Published October 10, 2011
Biology , Evolution , Geology , Palaeontology , Videos
Tags: Archaeopteryx, Caudipteryx, duck, Fossil, Microraptor, Modern birds
Most people prefer a good Tyrannosaur to a lowly duck. It’s a matter of choice of course, but when thinking about dinosaurs you probably have visions of ruthless predators with teeth the size of meat cleavers, or titanic herbivores bigger than small buildings, whereas ducks tend to float around in ponds inquiring after handfuls of bread.
However palaeontologists and biologists have revealed evidence that the humble duck may have triumphed over the mighty dinosaurs.
Continue reading ‘Why Ducks are better than Dinosaurs’
In a previous post I wrote about how we discovered the age of the Earth, and I mentioned that our planet formed at the same time as the other rocky bodies in our Solar System.
I didn’t say HOW this happened though. So now I will.
Continue reading ‘How the Earth was born’
In 1650 the Archbishop James Ussher announced that the Earth was thousands of years old.
Almost six thousand years old in fact. He had discovered that the world had been created on the 23rd of October 4004 BC. At lunchtime.
This was a pretty momentous conclusion. Not only had Ussher calculated the age of our world to a superhuman degree of precision, he was also lending credence to the idea that the Earth had a beginning (many cultures believed the Earth has always existed, and always will) and that it was pretty damn old, 6,000 years-worth of old.
Today, most people are comfortable with the idea that the Earth hasn’t existed in perpetuity, and most people are OK with the fact that the Earth is billions of years old. But this is a pretty recent mindset. Up until about one hundred years ago, no one really had any idea how old the Earth was.
Here’s what happened…
Continue reading ‘How old is the Earth? And how do we know?’
Published September 20, 2011
Alien life , Astrobiology , Astronomy , Biology , Geology , Life in our Solar System , Panspermia , Physics , Sci-Fi , Videos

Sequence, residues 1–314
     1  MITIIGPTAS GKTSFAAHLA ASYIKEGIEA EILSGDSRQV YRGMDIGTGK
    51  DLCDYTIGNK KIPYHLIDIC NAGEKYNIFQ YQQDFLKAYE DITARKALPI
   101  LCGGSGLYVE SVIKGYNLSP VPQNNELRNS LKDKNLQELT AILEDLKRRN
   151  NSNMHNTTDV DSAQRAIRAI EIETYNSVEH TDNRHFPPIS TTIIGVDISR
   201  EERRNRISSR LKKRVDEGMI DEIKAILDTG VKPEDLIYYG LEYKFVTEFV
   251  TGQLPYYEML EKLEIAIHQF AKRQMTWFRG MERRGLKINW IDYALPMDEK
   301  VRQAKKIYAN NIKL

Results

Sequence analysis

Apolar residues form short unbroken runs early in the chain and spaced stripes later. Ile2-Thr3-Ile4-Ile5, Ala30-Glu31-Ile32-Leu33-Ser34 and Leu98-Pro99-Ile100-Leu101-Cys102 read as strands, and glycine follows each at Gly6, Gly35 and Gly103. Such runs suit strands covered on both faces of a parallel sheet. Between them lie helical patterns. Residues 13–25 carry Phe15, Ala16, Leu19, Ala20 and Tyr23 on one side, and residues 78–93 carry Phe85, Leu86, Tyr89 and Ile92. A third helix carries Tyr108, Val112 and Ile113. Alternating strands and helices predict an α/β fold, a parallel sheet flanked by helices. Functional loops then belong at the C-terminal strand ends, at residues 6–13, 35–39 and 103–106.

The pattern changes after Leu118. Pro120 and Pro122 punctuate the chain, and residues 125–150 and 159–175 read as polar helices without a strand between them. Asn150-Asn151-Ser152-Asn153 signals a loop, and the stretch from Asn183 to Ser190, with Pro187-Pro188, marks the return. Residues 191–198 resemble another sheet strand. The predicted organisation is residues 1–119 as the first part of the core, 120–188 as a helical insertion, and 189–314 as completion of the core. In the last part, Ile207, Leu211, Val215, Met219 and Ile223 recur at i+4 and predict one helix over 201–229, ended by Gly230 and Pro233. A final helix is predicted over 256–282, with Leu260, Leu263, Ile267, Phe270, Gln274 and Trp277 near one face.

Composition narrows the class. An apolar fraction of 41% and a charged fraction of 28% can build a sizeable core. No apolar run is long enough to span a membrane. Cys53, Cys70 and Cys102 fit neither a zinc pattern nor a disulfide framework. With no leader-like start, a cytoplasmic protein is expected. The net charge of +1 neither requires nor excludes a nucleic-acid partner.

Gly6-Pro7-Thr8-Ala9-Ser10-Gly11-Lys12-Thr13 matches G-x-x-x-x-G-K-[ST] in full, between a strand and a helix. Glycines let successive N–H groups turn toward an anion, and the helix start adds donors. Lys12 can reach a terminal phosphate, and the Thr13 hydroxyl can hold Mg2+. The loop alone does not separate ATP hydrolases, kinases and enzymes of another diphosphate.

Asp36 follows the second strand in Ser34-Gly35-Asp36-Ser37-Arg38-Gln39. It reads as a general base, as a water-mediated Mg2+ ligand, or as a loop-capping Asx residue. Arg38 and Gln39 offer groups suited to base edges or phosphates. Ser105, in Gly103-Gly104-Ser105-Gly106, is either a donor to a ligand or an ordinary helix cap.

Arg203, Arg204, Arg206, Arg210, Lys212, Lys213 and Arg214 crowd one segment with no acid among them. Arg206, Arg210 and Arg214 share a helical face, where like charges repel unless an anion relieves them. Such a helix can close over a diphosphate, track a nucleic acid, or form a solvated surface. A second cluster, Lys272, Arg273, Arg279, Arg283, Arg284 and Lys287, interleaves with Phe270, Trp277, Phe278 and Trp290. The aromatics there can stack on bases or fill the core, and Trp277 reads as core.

Tags: Astrobiology, Giovanni Schiaparelli, Life on Mars, Mars, Percival Lowell, Red Planet, Solar System
In this series of posts I’ve looked at planetary bodies in our Solar System that could support life, from the moons of Saturn and Jupiter, to the cloud layers of Jupiter itself, to the ephemeral-once-jungles of Venus, I’ve even looked at Earth itself.
Now one of my favourites, Mars, the Red Planet.
Continue reading ‘Life in our Solar System – Mars’
Published August 16, 2011
Alien life , Astrobiology , Biology , Geology , Life in our Solar System , Physics , Sci-Fi
Tags: Astrobiology, Atmosphere of Venus, Climate change, Greenhouse effect, Habitable zone, Life on Venus, Venus
In previous posts I’ve looked at the possibility that alien life could be found in our solar system, on three of Jupiter’s moons, in Jupiter itself, and on two of Saturn’s moons.
This time we’re moving nearer to home, to the planet closest to our own, Venus, the second rock from the Sun.
Continue reading ‘Life in our Solar System – Venus’
Published May 20, 2011
Biology , Evolution , Geology , Palaeontology
Tags: Asexual reproduction, Bangia, Bangiomorpha pubescens, Biology, Evolution, Sex, Sexual reproduction
This is an article I’ve written and just submitted for a science writing prize in the UK, the Wellcome Trust Science Writing Prize. If you’re interested in entering, unfortunately the deadline was today, but there’s always next year, details are found through the link just above. The article is about why, and roughly when, sex was invented. At least on Earth…
Continue reading ‘The Invention of Sex’
Published April 30, 2011
Alien life , Astrobiology , Biology , Evolution , Geology , Life in our Solar System , Videos
Tags: Astrobiology, Cassini–Huygens, Enceladus, Great Oxygenation Event, Saturn, Titan
In a couple of previous posts I looked at the possibility of life existing on some of Jupiter’s moons, including Europa, and then the possibility of life existing on Jupiter itself.
In this post we’ll head further out into the solar system and look at two of Saturn’s moons, Enceladus and Titan.
Continue reading ‘Life in our Solar System – Titan and Enceladus’